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PROGRAM NOTES: Hagen Quartet

by Eric Bromberger

String Quartet in C Major, K.465 “Dissonant”

Born January 27, 1756, Salzburg
Died December 5, 1791, Vienna

When Mozart arrived in Vienna, the towering figure in music was Franz Joseph Haydn, then nearly 50. Haydn had taken the string quartet, which for the previous generation had been a divertimento-like entertainment, and transformed it. He liberated the viola and cello from what had been purely accompanying roles and made all four voices equal partners; he further made each detail of rhythm and theme and harmony an important part of the musical enterprise. Under Haydn’s inspired hands, the string quartet evolved from entertainment music into an important art form. Mozart, who was 25 when he arrived in Vienna, quickly grasped what the older master had achieved with the string quartet and embarked on a cycle of six quartets of his own. These are in no sense derivative works–they are thoroughly original quartets, each of them a masterpiece–but Mozart acknowledged his debt (and admiration) by dedicating the entire cycle to Haydn when it was published in 1785.

The “Dissonant” Quartet, the last of the six, was completed on January 14, 1785. The nickname comes from its extraordinary slow introduction. The quartet is in C major and the music opens with a steady pulse of C’s from the cello, but as the other three voices make terraced entrances above, their notes (A-flat, E-flat, and A–all wrong for the key of C major) grind quietly against each other. The tonality remains uncertain until the Allegro, where the music settles into radiant C major and normal sonata form. The surprise is that after this unusual introduction, the first movement is quite straightforward, flowing broadly along its bright C-major energy; an ebullient coda eventually draws the movement to a quiet close. The Andante cantabile develops by repetition, its lyric main idea growing more conflicted as it evolves. The Menuetto sends the first violin soaring across a wide range, while the dramatic trio section moves unexpectedly into urgent C minor. After these stresses, the concluding Allegro, in sonata form, returns to the bright spirits of the opening movement. This finale, which has a brilliant part for the first violin, fairly flies to its resounding close.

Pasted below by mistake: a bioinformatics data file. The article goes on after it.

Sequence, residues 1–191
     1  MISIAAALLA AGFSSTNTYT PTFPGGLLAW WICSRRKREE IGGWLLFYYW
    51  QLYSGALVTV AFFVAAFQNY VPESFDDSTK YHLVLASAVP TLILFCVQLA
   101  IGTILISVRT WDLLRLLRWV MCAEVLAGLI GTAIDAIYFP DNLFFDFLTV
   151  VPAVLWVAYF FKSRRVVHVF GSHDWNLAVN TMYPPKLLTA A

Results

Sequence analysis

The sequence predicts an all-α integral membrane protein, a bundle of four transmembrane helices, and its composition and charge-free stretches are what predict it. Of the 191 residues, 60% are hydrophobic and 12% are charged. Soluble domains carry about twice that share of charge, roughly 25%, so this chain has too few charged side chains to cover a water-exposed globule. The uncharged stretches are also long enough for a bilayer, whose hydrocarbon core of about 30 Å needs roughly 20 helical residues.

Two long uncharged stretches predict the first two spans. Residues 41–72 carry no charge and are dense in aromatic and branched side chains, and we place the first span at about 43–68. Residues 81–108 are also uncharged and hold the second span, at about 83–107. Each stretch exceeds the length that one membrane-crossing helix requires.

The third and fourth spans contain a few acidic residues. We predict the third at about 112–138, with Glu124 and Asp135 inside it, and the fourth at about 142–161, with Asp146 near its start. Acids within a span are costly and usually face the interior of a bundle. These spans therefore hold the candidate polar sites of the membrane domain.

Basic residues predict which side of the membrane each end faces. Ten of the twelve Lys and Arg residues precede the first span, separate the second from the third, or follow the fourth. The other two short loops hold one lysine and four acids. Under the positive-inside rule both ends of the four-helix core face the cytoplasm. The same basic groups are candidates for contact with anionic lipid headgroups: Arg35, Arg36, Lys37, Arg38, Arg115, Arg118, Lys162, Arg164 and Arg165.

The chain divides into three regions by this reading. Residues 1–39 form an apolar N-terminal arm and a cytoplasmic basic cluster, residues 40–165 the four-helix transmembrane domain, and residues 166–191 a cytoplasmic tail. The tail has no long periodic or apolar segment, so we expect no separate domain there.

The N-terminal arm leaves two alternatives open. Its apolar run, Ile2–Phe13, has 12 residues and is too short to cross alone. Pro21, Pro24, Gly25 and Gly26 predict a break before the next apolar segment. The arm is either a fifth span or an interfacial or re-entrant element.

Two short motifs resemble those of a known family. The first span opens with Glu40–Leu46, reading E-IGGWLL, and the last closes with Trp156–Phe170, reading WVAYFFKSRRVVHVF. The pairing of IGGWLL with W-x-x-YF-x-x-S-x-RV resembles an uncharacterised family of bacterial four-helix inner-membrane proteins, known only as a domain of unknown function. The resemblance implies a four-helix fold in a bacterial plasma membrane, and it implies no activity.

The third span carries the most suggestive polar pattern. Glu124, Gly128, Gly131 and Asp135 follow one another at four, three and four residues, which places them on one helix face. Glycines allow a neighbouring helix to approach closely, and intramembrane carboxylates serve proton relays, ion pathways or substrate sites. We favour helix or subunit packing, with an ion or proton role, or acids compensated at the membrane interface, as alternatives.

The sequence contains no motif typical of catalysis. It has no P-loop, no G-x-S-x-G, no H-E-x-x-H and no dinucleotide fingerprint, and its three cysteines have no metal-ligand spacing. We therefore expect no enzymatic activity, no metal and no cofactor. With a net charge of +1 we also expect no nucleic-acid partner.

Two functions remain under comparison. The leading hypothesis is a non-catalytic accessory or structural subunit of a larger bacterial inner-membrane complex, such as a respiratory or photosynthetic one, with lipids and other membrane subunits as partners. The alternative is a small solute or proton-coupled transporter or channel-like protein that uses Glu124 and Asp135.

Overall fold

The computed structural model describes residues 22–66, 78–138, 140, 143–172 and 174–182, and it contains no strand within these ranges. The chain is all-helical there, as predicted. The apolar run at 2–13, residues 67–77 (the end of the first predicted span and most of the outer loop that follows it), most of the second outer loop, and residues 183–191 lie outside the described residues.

Mozart may have been struck by Haydn’s quartets, but now it was Haydn’s turn to be amazed. When he heard the “Dissonant” Quartet and two others of this cycle performed at a garden party in Vienna in February 1785, Haydn pulled Mozart’s father Leopold aside and offered as sincere a compliment as any composer ever gave another: “Before God and as an honest man I tell you that your son is the greatest composer known to me either in person or by name. He has taste and, what is more, the most profound knowledge of composition.”

String Quartet No. 8 in C Minor, Opus 110

Born September 25, 1906, St. Petersburg
Died August 9, 1975, Moscow